The Feast of the Meeting of our Lord in the Temple, celebrated on February 2, is one of the twelve Great Feasts of the Orthodox liturgical year. Its theme is expressed with particular poignancy by the icon we venerate on this day, as well as by the feast’s liturgical hymns.

The icon of the Meeting places the Theotokos and the Righteous Simeon with the Christ child in the foreground, leaving Joseph and the prophetess Anna standing apart as secondary figures. In obedience to Mosaic Law (Lev 12), Mary comes to the Temple on the day of her purification to present her child as an offering of first-fruits to the Lord (Num 18). Before the altar, the table of sacrifice, Simeon stretches forth his hands to receive the fulfillment of the hope that had so long burned within him and within the collective consciousness of the righteous Israelites whom he represents.

Simeon offers a prophetic canticle (Lk 2:29-32, the Nunc Dimittis sung at every Vespers service) which proclaims that this child shall be a “light to enlighten the Gentiles” as well as “the glory of [God’s] people Israel.”

Following the canticle, Simeon blesses the parents of the child. Turning to Mary, he pronounces curious, ominous words, not of joy and gladness, but of coming conflict and suffering. In conclusion he adds almost parenthetically, still addressing the Virgin Mother: “and a sword will pierce through your own soul also” (Lk 2:35). This represents the first prediction the evangelist makes concerning the Lord’s coming passion.

“And a sword shall pierce your heart, O all-pure Virgin,” Simeon foretold to the Theotokos, “when you shall see your Son upon the Cross, to whom we cry aloud: O God of our fathers, blessed are You!” — Meeting Matins, Ode 7

The Holy Theotokos, Mother of God, presents her Son in fulfillment of the obligation to make an offering of her first-born male child. The deeper sense of her offering, intimated by Simeon’s prophetic words, points to the Cross and to the victory to be achieved through sacrificial death. Thus the megalynaria (Ode 9) of the feast declare: The pure Dove, the Ewe without blemish, brings the Lamb and Shepherd into the temple.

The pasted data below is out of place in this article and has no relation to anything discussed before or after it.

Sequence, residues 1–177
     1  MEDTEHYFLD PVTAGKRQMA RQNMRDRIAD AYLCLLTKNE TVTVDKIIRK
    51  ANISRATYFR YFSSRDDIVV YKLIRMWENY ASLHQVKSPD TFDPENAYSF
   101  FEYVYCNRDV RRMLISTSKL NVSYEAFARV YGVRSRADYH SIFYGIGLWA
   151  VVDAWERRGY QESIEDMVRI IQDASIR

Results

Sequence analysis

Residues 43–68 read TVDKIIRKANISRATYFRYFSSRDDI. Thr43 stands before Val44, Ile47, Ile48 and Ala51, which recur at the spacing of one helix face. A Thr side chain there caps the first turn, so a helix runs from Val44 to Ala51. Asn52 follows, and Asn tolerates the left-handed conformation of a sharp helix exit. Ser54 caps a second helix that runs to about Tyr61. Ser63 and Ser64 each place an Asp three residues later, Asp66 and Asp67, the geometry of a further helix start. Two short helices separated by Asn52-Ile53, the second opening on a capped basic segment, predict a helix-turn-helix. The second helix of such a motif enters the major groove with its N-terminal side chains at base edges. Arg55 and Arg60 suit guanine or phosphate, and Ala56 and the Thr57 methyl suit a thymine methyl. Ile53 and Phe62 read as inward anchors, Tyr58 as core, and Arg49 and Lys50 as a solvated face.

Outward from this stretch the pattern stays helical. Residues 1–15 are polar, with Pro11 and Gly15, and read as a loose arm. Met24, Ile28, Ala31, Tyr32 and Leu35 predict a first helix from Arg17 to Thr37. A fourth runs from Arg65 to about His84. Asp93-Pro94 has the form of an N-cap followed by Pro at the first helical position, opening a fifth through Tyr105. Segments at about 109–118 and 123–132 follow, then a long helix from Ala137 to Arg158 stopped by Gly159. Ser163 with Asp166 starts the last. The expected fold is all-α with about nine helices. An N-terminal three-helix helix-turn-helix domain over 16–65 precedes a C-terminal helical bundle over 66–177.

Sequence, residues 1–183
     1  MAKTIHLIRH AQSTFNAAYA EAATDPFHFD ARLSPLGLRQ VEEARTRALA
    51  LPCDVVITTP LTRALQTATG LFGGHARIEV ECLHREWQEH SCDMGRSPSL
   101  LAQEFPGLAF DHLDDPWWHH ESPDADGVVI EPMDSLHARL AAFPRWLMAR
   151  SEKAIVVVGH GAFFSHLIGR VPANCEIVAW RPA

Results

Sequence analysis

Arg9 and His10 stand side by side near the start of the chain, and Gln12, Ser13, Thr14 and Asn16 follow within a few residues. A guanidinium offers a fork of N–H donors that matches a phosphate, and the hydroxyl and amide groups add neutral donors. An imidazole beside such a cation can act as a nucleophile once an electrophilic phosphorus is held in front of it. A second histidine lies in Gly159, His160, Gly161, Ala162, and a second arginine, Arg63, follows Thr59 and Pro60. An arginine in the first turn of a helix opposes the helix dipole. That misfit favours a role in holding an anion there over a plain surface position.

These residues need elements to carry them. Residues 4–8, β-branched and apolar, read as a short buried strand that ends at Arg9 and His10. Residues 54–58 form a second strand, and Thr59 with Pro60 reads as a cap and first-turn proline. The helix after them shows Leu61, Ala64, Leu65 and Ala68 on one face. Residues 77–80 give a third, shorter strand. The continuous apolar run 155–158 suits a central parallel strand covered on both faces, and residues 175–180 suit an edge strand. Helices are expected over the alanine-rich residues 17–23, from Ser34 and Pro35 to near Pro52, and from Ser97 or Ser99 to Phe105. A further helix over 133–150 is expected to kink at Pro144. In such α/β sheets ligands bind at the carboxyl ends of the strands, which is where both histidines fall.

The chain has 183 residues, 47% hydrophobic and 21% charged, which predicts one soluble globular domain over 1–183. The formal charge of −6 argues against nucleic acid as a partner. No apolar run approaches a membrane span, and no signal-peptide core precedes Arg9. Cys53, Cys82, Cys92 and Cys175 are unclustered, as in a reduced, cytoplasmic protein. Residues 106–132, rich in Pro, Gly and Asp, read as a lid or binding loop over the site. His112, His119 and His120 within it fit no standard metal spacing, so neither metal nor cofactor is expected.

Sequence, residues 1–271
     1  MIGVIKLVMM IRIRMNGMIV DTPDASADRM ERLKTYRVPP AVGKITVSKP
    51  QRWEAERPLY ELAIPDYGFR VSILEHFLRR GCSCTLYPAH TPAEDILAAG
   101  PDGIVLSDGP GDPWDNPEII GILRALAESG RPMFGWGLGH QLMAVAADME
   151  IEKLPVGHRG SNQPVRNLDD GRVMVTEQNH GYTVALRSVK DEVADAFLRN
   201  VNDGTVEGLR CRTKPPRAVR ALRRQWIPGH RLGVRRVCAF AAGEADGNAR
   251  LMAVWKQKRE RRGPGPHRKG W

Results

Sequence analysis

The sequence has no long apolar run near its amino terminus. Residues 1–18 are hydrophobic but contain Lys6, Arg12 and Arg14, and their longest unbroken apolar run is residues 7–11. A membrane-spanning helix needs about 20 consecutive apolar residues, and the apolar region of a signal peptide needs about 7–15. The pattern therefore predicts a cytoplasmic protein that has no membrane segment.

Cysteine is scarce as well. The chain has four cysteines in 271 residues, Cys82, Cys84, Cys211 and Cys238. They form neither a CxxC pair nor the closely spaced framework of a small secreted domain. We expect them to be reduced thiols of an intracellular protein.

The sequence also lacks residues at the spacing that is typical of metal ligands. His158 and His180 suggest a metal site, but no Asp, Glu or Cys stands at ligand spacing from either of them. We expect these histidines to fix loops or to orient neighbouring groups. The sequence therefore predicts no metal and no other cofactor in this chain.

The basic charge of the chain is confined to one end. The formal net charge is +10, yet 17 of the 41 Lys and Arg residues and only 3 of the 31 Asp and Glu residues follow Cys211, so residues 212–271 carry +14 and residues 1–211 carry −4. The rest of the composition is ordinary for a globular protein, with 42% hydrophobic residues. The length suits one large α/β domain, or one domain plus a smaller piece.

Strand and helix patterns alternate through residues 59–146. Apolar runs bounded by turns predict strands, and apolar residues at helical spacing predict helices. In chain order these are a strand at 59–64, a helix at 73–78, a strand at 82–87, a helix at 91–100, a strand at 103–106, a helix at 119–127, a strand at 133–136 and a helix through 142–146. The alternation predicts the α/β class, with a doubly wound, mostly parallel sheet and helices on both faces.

The Litya verses of Great Vespers proclaim the meaning of the sacrifice accomplished by the holy Mother and awaited by her Son: Now the God of purity as a holy child has opened a pure womb, and as God He is brought as an offering to Himself, setting us free from the curse of the Law and granting light to our souls.

The light granted to the nations and to the soul of every believer is ultimately the divine, uncreated Light of the triune God. As Isaiah received purification from a fiery coal taken from the altar by a Seraph (Isa 6), so the Righteous Elder receives purification and the knowledge of salvation from the hands of the Virgin, as she entrusts to him the One called by the Matins Ode 5, the “Lord of light that knows no evening.”

Touching the light, Simeon himself is filled with light. Like future generations of those who dwell in that light, he is nourished by the very Body of the Lord, receiving Him as a prototype of the bloodless sacrifice of the holy Eucharist.

As he takes his leave, the Elder is made to utter a final prophecy that links this feast directly to the descent of Christ into hell. “I depart,” cried Simeon, “to declare the good tidings to Adam abiding in hell and to Eve…”

To deliver our kind from dust, God will go down even into hell: He will give freedom to all the captives and sight to the blind, and will grant the dumb to cry aloud: O God of our fathers, blessed art You! Matins, Ode 7

The Meeting between Simeon and the Christ-child marks the meeting of two Covenants, Old and New. It celebrates the fulfillment of God’s promise to bring deliverance and salvation to what St Paul calls “the Israel of God,” the Church, and through the Church, to the world. That deliverance and salvation, however, are achieved only through the suffering and death of the crucified Lord. This little child, the eternal God, accomplishes His mission only by His willingness to follow the way of the Cross.

Yet this is why we celebrate this meeting in the Temple as a great feast of the Church. The Lamb and Shepherd, brought as an offering to Himself, comes in our liturgical worship to meet not only Simeon but us as well. He meets us there where we are, in the midst of our own suffering and our own longing to behold and to taste God’s victory on our behalf. Like Simeon, we can receive and welcome Him. And like Simeon, we can hold Him in our hands as eucharistic Bread, and consume Him as nourishment for eternal life.

Lord, now let your servants depart in peace, for by your infinite grace and compassion our eyes have seen your salvation!